BY MARK Y.A. DAVIES
My hometown is Lawton, OK. My family moved to Lawton when I was four, and that was my home until I moved to Oklahoma City to attend college. Though I have not lived in Lawton since, my parents still live there, and it will always be my hometown.
Growing up in Lawton, one is always aware that Lawton is not just Lawton. It is Lawton/Fort Sill. The two are inextricably intertwined. Fort Sill existed long before Lawton, with construction of the fort beginning in 1869 in Native American territory. Lawton came into existence in 1901 – 65 years before my birth – after land in the area was “purchased” from the Comanche, Kiowa, and Apache tribes by the federal government and auctioned off to white citizens. From that point on Lawton and Fort Sill have often simply been known as Lawton/Fort Sill.
As a child growing up during the Vietnam War, though I was not the child of an army soldier, many of my friends were, and I remember their heartache at being separated from their dads when they were deployed to Vietnam, and I remember their hurt and confusion when their dads came home as different people than when they left or when they never came home alive. I saw early on in my life what the price of war was for families and children.
Some of my childhood memories of Fort Sill were more positive. I remember swimming in the pools on base, playing soccer on the polo field, attending YMCA day camp on land that was part of the base, seeing some of the best firework displays in the country on the Fourth of July, and even going to artillery shows [which seemed really cool when I was a kid].
During one of the YMCA day camps on base, we visited the Old Post Guardhouse and saw the cell where the Apache leader Geronimo was imprisoned. As a child, I did not really understand who Geronimo was or why he and other Native Americans were held at Fort Sill as “prisoners of war,” but I do remember thinking how small that cell was and how sad it must have been to live there. I ended up seeing that cell on more than one occasion, and one time when I was there with my mom who was an elementary school teacher, she said something about how she thought it was wrong that Geronimo should be put in prison for defending his own land. That made sense to me years later as I learned about the European invasion of the Americas and the genocide that followed.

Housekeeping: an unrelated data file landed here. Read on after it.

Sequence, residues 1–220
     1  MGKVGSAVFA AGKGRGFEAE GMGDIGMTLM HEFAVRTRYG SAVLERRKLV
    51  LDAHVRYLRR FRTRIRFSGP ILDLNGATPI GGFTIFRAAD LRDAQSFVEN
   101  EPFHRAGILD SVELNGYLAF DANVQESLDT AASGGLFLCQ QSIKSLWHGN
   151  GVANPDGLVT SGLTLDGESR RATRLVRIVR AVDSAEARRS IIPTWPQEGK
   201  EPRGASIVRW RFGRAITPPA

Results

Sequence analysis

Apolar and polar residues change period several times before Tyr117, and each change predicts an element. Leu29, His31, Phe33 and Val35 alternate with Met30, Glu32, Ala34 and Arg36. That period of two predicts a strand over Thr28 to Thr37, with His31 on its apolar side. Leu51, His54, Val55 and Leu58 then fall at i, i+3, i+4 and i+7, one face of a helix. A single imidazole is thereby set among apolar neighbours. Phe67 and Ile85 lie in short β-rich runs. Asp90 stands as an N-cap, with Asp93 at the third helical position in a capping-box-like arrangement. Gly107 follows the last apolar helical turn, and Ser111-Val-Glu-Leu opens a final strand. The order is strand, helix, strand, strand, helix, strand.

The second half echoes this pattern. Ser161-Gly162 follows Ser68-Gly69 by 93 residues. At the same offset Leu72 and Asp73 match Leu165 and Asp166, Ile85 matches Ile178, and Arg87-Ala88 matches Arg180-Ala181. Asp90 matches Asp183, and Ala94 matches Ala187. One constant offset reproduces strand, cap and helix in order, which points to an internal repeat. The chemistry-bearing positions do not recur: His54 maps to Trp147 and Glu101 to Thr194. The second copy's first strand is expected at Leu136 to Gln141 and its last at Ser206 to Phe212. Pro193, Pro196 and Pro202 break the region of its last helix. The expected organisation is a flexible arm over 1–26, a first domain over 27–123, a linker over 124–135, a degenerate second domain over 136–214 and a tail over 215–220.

At no time during my childhood did I learn that decades after Geronimo died in 1909 that Fort Sill would once again be a site for wrongly imprisoning members of a non-white population. I learned in high school that Japanese Americans were detained against their will in camps across the United States during World War Ii, but I did not know that 700 of these persons were imprisoned at Fort Sill as part of one of the moral low points of the United States in the 20th Century.
In its history, Fort Sill has imprisoned Native Americans in the 19th Century, Japanese Americans in the 20th Century, and right now in the 21st Century there are plans by the Trump Administration to add to this miserable history of unjustly imprisoning people of color by making Fort Sill a concentration camp for children of immigrants and refugees for the second time during this decade [the Obama Administration held refugee children at Fort Sill in 2014].
As a Lawtonian, I cannot sit by and simply watch our government repeat the cruel racism of our past that has once again found expression in our present by imprisoning brown babies, children, and youth whose only “crime” is attempting to escape life-threatening violence to find better opportunities in life. I cannot simply watch my hometown and Fort Sill be a place where international law is ignored and crimes against humanity are perpetrated.
The military leaders at Fort Sill need to be reminded by all Lawtonians, by all Oklahomans, by all U.S. Americans, and by all people of the world that simply following orders is no excuse for crimes against humanity. People of Lawton and Fort Sill, OK, I appeal to your humanity, please do not look away while Fort Sill once again becomes an unjust prison and concentration camp for people of color. Please do not look away and please do all in your power to bring freedom to the children who are about to be imprisoned in our hometown.
– Mark Y.A. Davies is the Wimberly Professor of Social and Ecological Ethics and director of the World House Institute for Social and Ecological Responsibility at Oklahoma City University. Click herefor more of his essays.